Strat-O-Matic to Release 1938 Baseball Season

Once Upon a Time, in 1938
          Strange-but-true events dominated SOM’s next classic baseball season
By Glenn Guzzo

            Strat-O-Matic has announced that it will re-create the historically significant 1938 baseball season and update the ever-popular 1961 season for release early in 2013.
            By releasing 1938 – and bridging the gap between the Deluxe-version re-creations of 1934 & 1941 – Strat-O-Matic permits its fans to relive these incredible events from baseball history:
  • Cincinnati left-hander Johnny Vander Meer threw his unequaled consecutive no-hitters.
  • Detroit’s Hank Greenberg seriously threatened Babe Ruth’s record of 60 home runs and settled for 58, equaling Jimmie Foxx’ mark for second-best total. 
  • Foxx (.349-50-175 with a 1.166 OPS), not Greenberg (.315-58-146) was the AL MVP.
  • Lou Gehrig played every game in his final full season before his playing career succumbed to the disease that now bears his name.
  • Rookie Joe Gordon’s 25 HR and excellent defense fit right in on the 966-run Yankees, whose lineup already featured Joe DiMaggio, Bill Dickey, Tommy Henrich, Red Rolfe and Gehrig.
  • While the mighty Yankees won the third of four straight pennants, the National League had a dramatic four-team race won by the Cubs when future Hall of Famer Gabby Hartnett hit his famed “Homer in the Gloamin’. ”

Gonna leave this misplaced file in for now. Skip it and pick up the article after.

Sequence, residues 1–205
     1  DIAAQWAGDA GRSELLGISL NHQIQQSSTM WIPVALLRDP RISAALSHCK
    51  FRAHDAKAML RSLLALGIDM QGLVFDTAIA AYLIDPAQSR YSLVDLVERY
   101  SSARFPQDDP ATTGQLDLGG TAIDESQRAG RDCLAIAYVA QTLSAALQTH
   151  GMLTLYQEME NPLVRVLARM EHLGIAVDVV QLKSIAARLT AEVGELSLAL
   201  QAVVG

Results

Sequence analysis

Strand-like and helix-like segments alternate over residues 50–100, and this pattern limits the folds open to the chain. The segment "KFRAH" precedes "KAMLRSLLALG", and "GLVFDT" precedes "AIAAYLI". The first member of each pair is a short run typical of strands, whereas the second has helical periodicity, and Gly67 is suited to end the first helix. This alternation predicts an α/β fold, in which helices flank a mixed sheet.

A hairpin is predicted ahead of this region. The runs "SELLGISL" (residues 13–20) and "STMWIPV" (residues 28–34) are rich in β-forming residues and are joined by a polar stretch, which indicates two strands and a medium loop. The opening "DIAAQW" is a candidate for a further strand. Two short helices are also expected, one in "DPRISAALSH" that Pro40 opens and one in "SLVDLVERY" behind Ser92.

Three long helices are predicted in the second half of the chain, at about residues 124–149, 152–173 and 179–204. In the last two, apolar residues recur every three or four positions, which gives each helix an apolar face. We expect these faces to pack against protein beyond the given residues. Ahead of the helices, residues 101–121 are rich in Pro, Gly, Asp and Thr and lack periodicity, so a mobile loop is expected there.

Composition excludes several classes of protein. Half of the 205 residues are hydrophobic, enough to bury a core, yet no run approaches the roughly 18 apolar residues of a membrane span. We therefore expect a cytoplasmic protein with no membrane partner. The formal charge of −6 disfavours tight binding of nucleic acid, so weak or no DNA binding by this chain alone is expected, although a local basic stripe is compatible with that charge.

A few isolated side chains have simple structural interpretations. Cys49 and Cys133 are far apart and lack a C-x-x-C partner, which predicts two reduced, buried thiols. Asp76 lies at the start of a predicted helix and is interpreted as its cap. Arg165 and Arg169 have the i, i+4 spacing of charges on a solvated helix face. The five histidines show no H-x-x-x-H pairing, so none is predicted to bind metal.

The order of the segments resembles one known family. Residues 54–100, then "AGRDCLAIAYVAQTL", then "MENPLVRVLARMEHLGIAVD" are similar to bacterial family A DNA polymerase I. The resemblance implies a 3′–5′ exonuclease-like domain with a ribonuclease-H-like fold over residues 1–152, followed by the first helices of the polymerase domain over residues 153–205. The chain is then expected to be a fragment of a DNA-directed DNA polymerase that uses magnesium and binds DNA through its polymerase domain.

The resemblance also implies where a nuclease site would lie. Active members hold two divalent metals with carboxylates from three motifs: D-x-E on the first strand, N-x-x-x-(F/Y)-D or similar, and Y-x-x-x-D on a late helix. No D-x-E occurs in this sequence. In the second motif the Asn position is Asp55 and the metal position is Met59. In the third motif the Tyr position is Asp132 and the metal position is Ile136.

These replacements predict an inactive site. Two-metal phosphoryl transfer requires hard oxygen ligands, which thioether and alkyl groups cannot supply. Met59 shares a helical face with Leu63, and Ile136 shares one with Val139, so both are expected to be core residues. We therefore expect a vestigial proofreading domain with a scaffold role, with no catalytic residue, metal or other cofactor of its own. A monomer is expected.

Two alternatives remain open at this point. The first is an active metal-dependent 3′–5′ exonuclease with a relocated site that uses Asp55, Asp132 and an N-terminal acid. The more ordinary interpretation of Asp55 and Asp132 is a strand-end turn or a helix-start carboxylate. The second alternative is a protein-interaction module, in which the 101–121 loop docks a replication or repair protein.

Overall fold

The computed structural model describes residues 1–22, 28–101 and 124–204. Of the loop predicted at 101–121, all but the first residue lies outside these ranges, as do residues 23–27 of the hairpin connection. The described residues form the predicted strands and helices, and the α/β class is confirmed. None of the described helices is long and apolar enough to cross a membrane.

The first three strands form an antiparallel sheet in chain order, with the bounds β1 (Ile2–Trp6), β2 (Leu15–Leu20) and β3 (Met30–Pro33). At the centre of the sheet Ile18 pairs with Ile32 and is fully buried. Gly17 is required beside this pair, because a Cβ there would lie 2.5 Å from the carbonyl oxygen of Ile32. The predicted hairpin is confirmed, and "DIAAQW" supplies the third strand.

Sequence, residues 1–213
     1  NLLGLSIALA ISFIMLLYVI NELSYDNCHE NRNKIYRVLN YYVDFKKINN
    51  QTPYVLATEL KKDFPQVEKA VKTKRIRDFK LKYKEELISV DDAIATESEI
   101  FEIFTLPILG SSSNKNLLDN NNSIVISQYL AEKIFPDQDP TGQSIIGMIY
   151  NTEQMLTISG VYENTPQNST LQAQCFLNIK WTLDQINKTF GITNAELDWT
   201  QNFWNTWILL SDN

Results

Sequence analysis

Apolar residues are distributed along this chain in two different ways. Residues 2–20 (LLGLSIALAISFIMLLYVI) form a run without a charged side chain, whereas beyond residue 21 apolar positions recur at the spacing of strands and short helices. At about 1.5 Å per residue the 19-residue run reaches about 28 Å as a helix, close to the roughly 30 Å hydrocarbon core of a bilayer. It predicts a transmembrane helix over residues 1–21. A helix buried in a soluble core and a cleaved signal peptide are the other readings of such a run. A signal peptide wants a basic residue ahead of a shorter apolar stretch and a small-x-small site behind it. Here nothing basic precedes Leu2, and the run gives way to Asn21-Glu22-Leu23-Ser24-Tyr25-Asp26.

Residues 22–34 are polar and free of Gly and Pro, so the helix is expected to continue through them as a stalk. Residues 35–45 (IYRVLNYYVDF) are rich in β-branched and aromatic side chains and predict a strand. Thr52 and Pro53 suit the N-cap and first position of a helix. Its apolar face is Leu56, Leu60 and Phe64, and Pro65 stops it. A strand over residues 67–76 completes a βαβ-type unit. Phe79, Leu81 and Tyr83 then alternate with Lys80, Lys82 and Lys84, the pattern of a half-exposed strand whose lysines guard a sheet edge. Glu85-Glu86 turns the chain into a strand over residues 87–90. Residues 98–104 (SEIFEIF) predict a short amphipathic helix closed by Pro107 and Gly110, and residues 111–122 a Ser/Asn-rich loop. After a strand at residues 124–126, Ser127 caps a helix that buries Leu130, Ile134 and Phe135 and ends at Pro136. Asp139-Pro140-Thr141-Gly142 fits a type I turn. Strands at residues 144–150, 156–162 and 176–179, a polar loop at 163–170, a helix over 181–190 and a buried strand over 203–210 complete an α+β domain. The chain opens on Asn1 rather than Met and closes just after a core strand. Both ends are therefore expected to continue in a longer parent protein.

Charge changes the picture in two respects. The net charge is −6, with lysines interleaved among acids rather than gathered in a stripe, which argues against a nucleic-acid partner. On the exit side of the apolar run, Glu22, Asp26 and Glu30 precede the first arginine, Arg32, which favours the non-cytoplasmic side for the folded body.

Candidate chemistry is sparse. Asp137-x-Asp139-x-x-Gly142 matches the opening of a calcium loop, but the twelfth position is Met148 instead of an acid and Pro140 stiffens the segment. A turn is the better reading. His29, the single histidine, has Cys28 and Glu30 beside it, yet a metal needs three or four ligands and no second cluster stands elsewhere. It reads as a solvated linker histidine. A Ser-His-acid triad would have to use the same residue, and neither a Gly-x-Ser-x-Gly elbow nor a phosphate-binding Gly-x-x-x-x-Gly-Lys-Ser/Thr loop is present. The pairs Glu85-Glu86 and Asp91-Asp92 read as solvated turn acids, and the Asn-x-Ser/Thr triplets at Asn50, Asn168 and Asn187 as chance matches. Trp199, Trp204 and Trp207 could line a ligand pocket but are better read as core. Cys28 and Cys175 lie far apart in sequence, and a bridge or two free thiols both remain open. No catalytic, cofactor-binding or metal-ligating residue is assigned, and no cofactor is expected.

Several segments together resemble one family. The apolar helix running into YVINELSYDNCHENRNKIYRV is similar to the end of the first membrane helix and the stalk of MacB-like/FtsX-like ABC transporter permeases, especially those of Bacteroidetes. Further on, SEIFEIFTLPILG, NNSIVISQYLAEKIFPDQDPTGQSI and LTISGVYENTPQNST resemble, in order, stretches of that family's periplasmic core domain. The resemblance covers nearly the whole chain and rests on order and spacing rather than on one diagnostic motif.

• The Cubs made a controversial pre-season trade for wounded Dizzy Dean (7-1, 1.81), got even better pitching from 22-game winner Bill Lee and had future HOF 2B Billy Herman.
  • Two games behind the Cubs, Pittsburgh had future HOFers Arky Vaughan, Lloyd Waner and Paul Waner, plus slugging rookie Johnny Rizzo (.301-23-111).
  • Three games behind the Pirates, the defending NL champ New York Giants were led by future HOFers Mel Ott (.311-36-116) and pitcher Carl Hubbell (13-10, 3.07 in an injury-shortened season).
  • One game behind the Giants (six behind the Cubs), young Cincinnati boasted future HOFer Ernie Lombardi, whose .342-19-95 season made him the only catcher to win the batting championship; sensational rookies in 1B Frank McCormick (.327, 106 RBIs) and CF Harry Craft (.270-15-83); slugging RF Ival Goodman (.292-30-92); Vander Meer and 21-game winner Paul Derringer. The Reds were one season away from back-to-back pennants.
  • Future HOFer Johnny Mize of the St. Louis Cardinals hit .456 over his final 35 games to challenge Lombardi for the batting title.
  • Fire-balling young right-hander Bob Feller struck out 18 Tigers, a Major-League record at the time. 
  • Charismatic veteran right-hander Bobo Newsom won 20 games for the seventh-place St. Louis Browns, while doing so with the highest ERA ever for a 20-game winner (5.08).
  • The Phillies played their last game in the Baker Bowl, moving to the A’s Shibe Park on July 4.
  • Brooklyn was the second team to install lights. That was the work of GM Larry MacPhail, who in his previous job made Cincinnati first to do so. Brooklyn’s first night game featured the second of Vander Meer’s back-to-back no-hitters. [The extra money from the much higher attendance at night games allowed Cincinnati to acquire talent that elevated it from last in 1937 to fourth in 1938. The Reds won the following two NL pennants in 1939-40. The Dodgers, seventh in 1938, won the pennant in 1941, its first since 1920.]